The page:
Vote Compass

This is the second election that I have taken the ABC’s Vote Compass survey where voters take a quick survey of 30 questions about policy matters, and Vote Compass shows where they stand in relation to the policies of the political parties.
VoteCompass2014

The 2014 Vote Compass survey results give a halo (standard error?) around your position on the graph. I am shown as more Socially Progressive than all parties but somewhere between the ALP and the GRN on the Economic Left. I’d class myself as a Whitlam era ‘traditional Labor’ voter and feel disillusioned with ‘new Labor’ so this result is not really surprising. I am the voter that Labor lost with its dog whistle for border security and other such policies that Labor now seems to be happy with.

❝ Ninety per cent of Australians identified with the two major parties in the early 1970s but now it is less than three-quarters. Less than a third of voters have much confidence in them. Political party membership across the board is at negligible levels. ❞
— Vote Compass: Why so many Australians are looking for direction (2016-May-16) ABC: The Drum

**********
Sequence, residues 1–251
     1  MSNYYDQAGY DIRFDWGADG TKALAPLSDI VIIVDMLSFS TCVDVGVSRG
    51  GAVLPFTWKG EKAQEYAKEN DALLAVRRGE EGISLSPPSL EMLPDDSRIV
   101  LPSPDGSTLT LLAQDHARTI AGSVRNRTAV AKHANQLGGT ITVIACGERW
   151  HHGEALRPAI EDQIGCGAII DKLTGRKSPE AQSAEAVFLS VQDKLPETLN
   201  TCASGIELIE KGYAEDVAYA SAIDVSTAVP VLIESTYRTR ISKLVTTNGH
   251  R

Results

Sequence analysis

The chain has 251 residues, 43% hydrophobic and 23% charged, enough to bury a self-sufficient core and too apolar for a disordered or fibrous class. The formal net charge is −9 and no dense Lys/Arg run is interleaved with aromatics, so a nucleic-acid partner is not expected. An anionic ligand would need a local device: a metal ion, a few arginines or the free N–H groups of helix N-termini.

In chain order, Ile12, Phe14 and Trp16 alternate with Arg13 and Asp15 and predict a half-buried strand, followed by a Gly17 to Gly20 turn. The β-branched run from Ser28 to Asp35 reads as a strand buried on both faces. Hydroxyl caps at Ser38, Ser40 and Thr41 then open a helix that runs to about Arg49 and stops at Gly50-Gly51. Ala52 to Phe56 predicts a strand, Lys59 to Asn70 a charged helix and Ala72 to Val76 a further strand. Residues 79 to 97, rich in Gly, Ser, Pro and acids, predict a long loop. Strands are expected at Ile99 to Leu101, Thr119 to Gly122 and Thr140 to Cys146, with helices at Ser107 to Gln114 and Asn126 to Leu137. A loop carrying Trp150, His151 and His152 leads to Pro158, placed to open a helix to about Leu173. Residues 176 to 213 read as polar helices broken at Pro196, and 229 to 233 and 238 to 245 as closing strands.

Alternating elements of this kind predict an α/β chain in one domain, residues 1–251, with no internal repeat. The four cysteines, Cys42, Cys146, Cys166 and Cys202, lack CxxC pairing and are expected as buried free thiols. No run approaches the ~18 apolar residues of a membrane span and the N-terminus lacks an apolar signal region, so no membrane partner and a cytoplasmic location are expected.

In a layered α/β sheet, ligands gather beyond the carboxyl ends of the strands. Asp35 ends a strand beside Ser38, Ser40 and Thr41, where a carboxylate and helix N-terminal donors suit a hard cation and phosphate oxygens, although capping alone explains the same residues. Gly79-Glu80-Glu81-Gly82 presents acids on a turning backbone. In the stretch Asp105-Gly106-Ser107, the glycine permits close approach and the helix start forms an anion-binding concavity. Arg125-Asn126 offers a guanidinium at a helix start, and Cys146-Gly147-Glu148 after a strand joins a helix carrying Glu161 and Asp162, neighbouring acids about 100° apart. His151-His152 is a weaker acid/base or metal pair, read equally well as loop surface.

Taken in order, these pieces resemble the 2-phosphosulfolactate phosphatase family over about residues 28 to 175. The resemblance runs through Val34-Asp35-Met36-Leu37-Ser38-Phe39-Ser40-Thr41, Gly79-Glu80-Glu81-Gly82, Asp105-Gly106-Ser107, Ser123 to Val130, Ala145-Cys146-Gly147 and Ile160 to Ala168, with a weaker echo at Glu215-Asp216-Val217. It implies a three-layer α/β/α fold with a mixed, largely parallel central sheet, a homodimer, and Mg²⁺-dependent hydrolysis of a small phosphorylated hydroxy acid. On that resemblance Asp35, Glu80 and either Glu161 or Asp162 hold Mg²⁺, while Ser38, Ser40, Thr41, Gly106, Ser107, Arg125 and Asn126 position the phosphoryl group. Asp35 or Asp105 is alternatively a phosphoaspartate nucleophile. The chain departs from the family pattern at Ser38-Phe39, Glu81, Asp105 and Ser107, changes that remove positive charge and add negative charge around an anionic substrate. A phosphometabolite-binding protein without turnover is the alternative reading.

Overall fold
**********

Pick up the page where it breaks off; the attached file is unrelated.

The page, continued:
The 2016 Vote Compass survey results have modified the axis labels (and scale?) so you need to interpret more than compare between the graphs. I am shown as less Socially Progressive than GRN (but only slightly) and more Socially Progressive than ALP. For Economics I am slightly more progressive than the GRN (but now much closer to the GRN position); I’m not really sure that this is the case.

VoteCompass2016

An interesting factor in the 2016 Vote Compass is that the party policies appear to have been put in as the upper and lower limits of the issues sliders, this impacts the position if you are outside of the scale, I think this scale shifting is affecting the outcomes for some items.

eg. The Australian constitution should recognise Indigenous people as Australia’s first inhabitants.
You have the options to choose between;
Strongly disagree <—> Strongly Agree, or Don’t Know.

In this question I’d prefer a treaty than constitutional recognition, but constitutional recognition is a fall back position so I’m “Somewhat agree” on the slider but in the graphing of the Social Progressiveness of my actual opinion I think that the treaty would be seen as more Socially progressive than “strongly agree” for the constitutional recognition, but the “Somewhat agree” is scored lower so this is an artifact of the working of the question. I don’t remember this being as much as an issue last time I did the survey, but this year there were several of the questions that created a similar effect.

Do you think this affected your results?

LINKS:
[1] Vote Compass Methodology
http://voxpoplabs.com/votecompass/methodology.pdf
[2] Vote Compass explained: What is it, and how does it work? (2016-May-08)
http://www.abc.net.au/news/2016-05-08/vote-compass-explained-2016-federal-election/7391480

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